Fertile Crescent civilizations are universally regarded as humanity’s first. In China, people began to domesticate millet around eight kya, which was about 3,000 years after . Some scientists are skeptical that Chinese domestication really developed without any Fertile Crescent influence, even if it was just the of domestication. Similarly, in Mesoamerica, and people domesticated . The potato could have begun domestication in Peru . Those are the primary places where plants were domesticated independently in the Western Hemisphere, and the practice spread. . Whether the of domestication passed between regions where it is thought to have appeared independently, where the pig, for instance, may have been domesticated independently in the Fertile Crescent and China, nearly all domesticated plants and animals were probably domesticated , and the idea/technique/offspring spread. The horse, , is an instance when , with a limited number of stallions, and wild mares were subsequently incorporated into domestic herds. Once a herd animal was domesticated in the Fertile Crescent, the of domesticating herd animals certainly made subsequent domestication events less innovative. The Domestication Revolution, even if it happened in as many as nine places independently, as with the previous two Epochal Events (/controlling , and that ), the people who initiated the Third Epochal Event were relatively few. Probably only a few hundred people were beacons of innovation, or maybe even only a few dozen or less, when they are added together, and the domestication of animals in the Fertile Crescent may have had a lone inventor, or handful of them, who initiated the process, and the domestication of plants may have had similarly few inventors.
The Origin of Bipedalism - James Q. Jacobs
The idea that the American mastodon was killed off by hunting was first proposed by in 1799, and , an early evolutionist, thought that humans exterminated the extinct ice age mammals. By 1860, wondered whether anything humans could have caused that mass extinction. Therefore, when first proposed his Overkill Hypothesis in 1966, it was by no means novel, but he started the modern debate and the controversy quickly focused on North America, beginning about 15 kya.
Origin of human bipedalism: The knuckle-walking hypothesis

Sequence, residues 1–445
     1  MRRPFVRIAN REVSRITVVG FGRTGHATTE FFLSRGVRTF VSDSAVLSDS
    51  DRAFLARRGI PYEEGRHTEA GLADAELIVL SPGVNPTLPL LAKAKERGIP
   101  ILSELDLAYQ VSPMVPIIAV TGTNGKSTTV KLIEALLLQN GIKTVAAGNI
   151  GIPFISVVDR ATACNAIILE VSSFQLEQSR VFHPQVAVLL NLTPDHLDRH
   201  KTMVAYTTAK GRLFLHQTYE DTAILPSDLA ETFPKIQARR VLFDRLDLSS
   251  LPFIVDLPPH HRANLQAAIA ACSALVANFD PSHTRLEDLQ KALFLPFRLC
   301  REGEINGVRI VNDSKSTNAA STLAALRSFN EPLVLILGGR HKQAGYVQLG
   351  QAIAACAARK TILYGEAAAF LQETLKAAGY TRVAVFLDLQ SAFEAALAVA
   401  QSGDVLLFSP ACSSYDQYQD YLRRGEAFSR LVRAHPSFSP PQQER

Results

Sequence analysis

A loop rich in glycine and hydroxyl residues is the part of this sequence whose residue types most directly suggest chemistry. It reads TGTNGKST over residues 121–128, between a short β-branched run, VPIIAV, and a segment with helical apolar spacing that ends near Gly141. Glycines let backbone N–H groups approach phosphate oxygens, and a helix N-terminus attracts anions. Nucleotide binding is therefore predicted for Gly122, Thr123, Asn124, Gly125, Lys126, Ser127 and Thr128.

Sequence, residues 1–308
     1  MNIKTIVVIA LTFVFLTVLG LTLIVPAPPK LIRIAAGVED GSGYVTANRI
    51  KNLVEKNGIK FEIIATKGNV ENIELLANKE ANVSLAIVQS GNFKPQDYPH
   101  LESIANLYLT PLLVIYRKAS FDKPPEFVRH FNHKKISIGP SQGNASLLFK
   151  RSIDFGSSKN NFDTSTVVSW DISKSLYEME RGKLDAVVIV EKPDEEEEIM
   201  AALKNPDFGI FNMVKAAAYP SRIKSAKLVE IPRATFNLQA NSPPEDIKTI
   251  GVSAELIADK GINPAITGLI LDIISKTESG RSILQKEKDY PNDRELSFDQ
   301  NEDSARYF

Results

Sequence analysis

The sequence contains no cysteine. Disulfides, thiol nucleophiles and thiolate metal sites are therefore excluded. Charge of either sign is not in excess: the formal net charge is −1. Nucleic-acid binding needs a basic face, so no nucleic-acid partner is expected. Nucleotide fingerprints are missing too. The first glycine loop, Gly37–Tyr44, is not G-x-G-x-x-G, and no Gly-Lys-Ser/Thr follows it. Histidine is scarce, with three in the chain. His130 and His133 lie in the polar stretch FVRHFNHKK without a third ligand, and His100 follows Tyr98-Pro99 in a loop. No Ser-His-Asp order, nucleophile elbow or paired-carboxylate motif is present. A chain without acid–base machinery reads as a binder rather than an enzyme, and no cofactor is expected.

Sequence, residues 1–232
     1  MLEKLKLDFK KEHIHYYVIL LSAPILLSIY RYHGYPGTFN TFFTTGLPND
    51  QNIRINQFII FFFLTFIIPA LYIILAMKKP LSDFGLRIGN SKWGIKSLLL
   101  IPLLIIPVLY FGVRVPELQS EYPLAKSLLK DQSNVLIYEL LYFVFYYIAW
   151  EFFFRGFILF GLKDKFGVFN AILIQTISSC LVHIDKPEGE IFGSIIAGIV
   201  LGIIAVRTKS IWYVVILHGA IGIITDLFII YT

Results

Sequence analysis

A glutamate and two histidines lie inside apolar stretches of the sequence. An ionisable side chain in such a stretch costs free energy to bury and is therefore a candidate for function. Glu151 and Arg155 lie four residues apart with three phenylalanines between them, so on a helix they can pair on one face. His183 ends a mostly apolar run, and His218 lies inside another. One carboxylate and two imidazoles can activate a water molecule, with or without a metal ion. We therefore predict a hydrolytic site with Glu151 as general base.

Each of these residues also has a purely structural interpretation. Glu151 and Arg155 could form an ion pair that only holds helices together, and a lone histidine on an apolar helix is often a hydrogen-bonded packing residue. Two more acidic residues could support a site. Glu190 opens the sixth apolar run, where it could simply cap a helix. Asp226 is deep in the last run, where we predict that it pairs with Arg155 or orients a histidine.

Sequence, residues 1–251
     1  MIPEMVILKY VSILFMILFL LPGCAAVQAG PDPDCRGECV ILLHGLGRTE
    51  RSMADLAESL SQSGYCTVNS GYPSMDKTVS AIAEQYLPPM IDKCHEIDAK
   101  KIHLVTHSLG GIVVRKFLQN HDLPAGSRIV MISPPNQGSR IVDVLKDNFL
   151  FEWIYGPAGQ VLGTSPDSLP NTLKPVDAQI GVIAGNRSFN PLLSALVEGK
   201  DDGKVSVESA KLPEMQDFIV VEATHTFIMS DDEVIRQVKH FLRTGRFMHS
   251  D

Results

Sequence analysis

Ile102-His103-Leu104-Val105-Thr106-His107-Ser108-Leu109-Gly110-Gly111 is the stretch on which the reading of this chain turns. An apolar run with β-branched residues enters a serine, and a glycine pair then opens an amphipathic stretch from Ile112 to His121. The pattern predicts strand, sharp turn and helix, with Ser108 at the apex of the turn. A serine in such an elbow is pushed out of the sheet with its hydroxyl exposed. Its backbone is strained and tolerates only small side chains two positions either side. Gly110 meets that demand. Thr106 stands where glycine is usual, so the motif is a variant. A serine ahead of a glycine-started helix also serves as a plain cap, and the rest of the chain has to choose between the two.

From about 32 kya to 22 kya, prevailed in Europe. That culture produced the and art such as the . By 20 kya, . But as far as human expansion is concerned, the Gravettian (and related cultures) are most notorious as mammoth hunters extraordinaire for those that lived on the near the ice sheets. To , they could not swim to Sahul, but flourished everywhere else they could get to. At , they were the ultimate hunter-gatherer kill. Also, near the ice sheets, meat could be stored in the ground. Cro-Magnons did just that, and that “freezer” full of meat led to the first seasonally sedentary humans. It long predated the Domestication Revolution when people could be sedentary year-round, but while the megafauna lasted, the first signs of what came later appeared as Cro-Magnons created villages around frozen mammoth meat. Gravettians hunted along migration routes and set traps and ambushes for mammoths. For thousands of years, mammoths were the primary focus of Gravettian hunters, and many scientists believe that humans at least . Gravettians probably used the bow and arrow, and using poisoned arrows on mammoths would have been child’s play, not a hazardous undertaking. They also tended to focus on the easy meat: the young, relatively defenseless, tender mammoths. Killing the offspring alone would have driven the slowly reproducing mammoths to extinction, and as the interglacial period began around 15 kya, there would have been new pressures on mammoths. One of them was that fewer mammoths meant that they were not terraforming their environments like they used to, and the warming climate probably reduced their range. For a mammoth facing humans, there was literally no place to hide (except maybe in the living room), and there is little reason to think that hunters would have eased up when mammoth numbers dwindled. If anything, their efforts would have to get the last ones, as they competed and fought over the final mammoths. In one lifetime or even several, the changes would have been barely noticeable, if at all. There was simply no way out for mammoths, and they went extinct south of the European ice sheets under the ministrations of Cro-Magnon hunters. More evidence of their fate is some mammoths surviving in refugia: islands where humans did not arrive until thousands of years later. mammoths survived on in the chain off of Alaska until less than six kya, and went extinct when humans arrived. Several hundred apparently full-sized mammoths survived on near Siberia and went extinct less than five kya, when humans arrived. In today's France and Spain, Gravettians also semi-settled along the migration routes of reindeer and red deer. From Spain across Europe, into today's Russia, Gravettians hunted migrating herds, and not only the mammoth was driven to extinction, but also the wooly rhino, the Irish elk, the musk ox, and steppe bison were driven to extinction as the ice sheets retreated. Neanderthals had been ambush hunting in similar fashion, and those animals, like the African megafauna, grew wary of humans, and killing those animals probably took planning and guile.